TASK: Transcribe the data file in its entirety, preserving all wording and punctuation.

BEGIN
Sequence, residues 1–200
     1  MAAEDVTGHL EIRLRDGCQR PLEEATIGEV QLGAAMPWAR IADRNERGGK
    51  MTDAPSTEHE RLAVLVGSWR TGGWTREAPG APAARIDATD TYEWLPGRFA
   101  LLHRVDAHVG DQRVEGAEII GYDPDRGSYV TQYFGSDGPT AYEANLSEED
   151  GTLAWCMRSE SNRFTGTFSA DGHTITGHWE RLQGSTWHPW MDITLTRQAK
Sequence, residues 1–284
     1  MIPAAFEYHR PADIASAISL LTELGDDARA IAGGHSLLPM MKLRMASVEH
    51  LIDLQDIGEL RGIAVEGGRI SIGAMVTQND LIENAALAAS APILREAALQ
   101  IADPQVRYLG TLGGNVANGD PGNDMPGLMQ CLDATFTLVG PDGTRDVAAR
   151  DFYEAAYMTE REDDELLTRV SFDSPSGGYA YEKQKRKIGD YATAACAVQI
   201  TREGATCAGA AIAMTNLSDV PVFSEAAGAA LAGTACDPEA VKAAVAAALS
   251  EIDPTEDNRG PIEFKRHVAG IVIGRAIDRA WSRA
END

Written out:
Sequence, residues 1–200
     1  MAAEDVTGHL EIRLRDGCQR PLEEATIGEV QLGAAMPWAR IADRNERGGK
    51  MTDAPSTEHE RLAVLVGSWR TGGWTREAPG APAARIDATD TYEWLPGRFA
   101  LLHRVDAHVG DQRVEGAEII GYDPDRGSYV TQYFGSDGPT AYEANLSEED
   151  GTLAWCMRSE SNRFTGTFSA DGHTITGHWE RLQGSTWHPW MDITLTRQAK
Sequence, residues 1–284
     1  MIPAAFEYHR PADIASAISL LTELGDDARA IAGGHSLLPM MKLRMASVEH
    51  LIDLQDIGEL RGIAVEGGRI SIGAMVTQND LIENAALAAS APILREAALQ
   101  IADPQVRYLG TLGGNVANGD PGNDMPGLMQ CLDATFTLVG PDGTRDVAAR
   151  DFYEAAYMTE REDDELLTRV SFDSPSGGYA YEKQKRKIGD YATAACAVQI
   201  TREGATCAGA AIAMTNLSDV PVFSEAAGAA LAGTACDPEA VKAAVAAALS
   251  EIDPTEDNRG PIEFKRHVAG IVIGRAIDRA WSRA